Disability Royal Commission commences!

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Posted 1 month ago by Nicole Pope

The Honourable Ronald Sackville AO QC says the inquiry is the result of the tireless campaign by people with disability and their supporters [Source: Disability Royal Commission]
The Honourable Ronald Sackville AO QC says the inquiry is the result of the tireless campaign by people with disability and their supporters [Source: Disability Royal Commission]

The first public hearing of the Royal Commission into Violence, Abuse, Neglect and Exploitation of People with Disability kicked off in Brisbane today, highlighting the importance and scope of the inquiry.

Although no testimonials were heard, it was the first time the full bench of the Commission presented with statements made by the Chair of the Royal Commission, the Honourable Ronald Sackville AO QC; Commissioners, Andrea Mason OAM and Alastair McEwin AM and Senior Counsel Assisting, Rebecca Treston QC. 

It also follows an announcement by Minister for Families and Social Services, Anne Ruston, of a seventh Commissioner, the Honourable Roslyn Atkinson AO.

Mr Sackville says the inquiry is the result of the tireless campaign by people with disability and their supporters.

“The most important part of the Royal Commission’s work is our engagement with people with disability, their families and supporters. 

“Your contributions will be the heart and soul of this Royal Commission ... you are the key to its success.”

Mr Sackville says the Commissioners are wary of the magnitude and complexity of the task ahead of them.

“We are conscious that the disability community and their supporters, as well as the wider Australian community, have extremely high expectations of this Royal Commission,” he explains.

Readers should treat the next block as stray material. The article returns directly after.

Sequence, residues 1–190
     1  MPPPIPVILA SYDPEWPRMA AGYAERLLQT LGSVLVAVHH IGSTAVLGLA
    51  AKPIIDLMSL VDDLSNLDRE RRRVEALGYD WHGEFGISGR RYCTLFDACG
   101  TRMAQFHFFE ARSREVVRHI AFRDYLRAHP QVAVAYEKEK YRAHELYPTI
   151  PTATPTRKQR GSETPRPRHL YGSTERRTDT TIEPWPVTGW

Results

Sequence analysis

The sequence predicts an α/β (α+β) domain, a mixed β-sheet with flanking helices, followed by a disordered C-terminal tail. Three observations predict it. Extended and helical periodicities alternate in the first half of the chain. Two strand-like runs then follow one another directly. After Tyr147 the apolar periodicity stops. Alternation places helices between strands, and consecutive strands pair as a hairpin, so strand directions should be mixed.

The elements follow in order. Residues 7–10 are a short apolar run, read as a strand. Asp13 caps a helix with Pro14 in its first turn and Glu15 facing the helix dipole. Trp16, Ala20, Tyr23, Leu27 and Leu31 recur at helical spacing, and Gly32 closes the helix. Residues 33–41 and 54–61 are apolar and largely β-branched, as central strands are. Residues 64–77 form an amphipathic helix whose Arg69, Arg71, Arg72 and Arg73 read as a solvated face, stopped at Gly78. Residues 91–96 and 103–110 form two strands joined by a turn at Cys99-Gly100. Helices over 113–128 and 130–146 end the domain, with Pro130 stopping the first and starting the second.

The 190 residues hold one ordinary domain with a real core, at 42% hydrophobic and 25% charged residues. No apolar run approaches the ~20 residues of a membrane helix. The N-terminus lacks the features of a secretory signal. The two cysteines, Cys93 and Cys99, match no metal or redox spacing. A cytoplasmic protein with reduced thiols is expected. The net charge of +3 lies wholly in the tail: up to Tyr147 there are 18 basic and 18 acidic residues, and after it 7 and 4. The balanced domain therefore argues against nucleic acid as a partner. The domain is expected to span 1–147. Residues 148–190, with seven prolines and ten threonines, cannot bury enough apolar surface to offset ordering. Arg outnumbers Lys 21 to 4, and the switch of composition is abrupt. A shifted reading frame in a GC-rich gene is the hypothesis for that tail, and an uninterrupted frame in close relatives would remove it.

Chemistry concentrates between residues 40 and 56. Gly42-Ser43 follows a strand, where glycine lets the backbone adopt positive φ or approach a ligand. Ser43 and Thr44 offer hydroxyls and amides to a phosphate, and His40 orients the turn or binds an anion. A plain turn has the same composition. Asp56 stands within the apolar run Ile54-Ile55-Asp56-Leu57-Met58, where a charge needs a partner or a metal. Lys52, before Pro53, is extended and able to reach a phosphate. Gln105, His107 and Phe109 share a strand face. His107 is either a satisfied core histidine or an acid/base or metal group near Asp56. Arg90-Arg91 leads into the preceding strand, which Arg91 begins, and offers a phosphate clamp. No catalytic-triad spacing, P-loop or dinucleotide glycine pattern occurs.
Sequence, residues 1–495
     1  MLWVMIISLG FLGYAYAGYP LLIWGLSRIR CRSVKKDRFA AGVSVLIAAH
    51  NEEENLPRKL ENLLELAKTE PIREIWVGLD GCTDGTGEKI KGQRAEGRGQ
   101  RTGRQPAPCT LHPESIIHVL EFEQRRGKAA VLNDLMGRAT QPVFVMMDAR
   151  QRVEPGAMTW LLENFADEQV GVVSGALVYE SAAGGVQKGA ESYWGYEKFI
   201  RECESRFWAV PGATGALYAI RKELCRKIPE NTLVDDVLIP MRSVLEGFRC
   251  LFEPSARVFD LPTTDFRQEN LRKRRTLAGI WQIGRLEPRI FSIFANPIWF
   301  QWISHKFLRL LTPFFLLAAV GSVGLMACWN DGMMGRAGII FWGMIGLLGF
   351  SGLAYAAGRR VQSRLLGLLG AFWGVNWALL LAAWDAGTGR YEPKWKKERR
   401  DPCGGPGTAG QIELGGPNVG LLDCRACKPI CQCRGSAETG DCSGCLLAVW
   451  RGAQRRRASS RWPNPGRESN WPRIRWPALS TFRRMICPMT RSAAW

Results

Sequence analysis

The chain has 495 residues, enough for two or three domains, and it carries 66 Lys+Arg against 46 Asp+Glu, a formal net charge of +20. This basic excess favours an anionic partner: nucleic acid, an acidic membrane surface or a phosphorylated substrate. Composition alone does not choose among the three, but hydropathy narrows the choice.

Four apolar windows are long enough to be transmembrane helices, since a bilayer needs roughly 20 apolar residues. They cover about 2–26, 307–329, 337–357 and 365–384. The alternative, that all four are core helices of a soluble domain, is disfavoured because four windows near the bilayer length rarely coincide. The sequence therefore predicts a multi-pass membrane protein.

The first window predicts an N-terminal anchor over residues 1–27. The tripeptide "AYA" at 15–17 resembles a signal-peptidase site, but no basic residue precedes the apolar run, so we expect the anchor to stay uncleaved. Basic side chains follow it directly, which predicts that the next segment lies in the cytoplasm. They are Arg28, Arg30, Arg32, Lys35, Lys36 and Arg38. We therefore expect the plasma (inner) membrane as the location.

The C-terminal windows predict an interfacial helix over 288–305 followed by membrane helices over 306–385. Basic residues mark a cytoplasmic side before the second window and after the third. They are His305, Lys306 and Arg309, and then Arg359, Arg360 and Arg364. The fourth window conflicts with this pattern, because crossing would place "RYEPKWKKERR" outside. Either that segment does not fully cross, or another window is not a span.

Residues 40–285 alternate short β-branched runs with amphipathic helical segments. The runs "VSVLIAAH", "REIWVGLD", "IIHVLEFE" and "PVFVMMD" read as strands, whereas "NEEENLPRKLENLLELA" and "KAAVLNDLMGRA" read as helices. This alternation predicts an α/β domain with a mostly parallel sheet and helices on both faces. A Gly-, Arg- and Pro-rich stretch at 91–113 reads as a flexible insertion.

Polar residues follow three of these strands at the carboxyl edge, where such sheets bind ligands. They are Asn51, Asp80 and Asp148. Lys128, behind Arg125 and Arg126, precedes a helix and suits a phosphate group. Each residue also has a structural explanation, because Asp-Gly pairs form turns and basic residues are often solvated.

“People want and expect real change.

“We have to ensure that unheard voices are finally heard.”

Commissioner Andrea Mason OAM highlighted the importance of the Royal Commission to First Nations People and mentioned the “uncomfortable truths” that lay ahead in her opening statement. 

“I want to reassure all First Nations People, their carers and advocates that this Royal Commission, with all of its powers and protections, is a safe place for you to speak your truth,” promises Ms Mason.

“We are here for you.”

Commissioner Alastair McEwin AM also acknowledges the hard work of the disability community in establishing the national inquiry. 

“The Royal Commission came about through many years of advocacy by people with disability and their allies,’ he says.

“We pay tribute to their efforts to shine a spotlight on this issue. We say to them the establishment of this Royal Commission is your achievement.  

“Your human rights are and will be at the heart of everything we do at this Royal Commission.

“It is a privilege to be one of the two Commissioners with disability.”

Senior Counsel Assisting Rebecca Treston GC explains, “Every 10 minutes someone with profound or severe disability experiences physical or sexual violence.” 

She says the Commission will look to hold one or two public hearings before the end of the year, potentially focusing on education and learning and homes and living, including the use of restrictive practices, exclusion of students with disability from the education system and issues arising from the types of housing available to people with disability.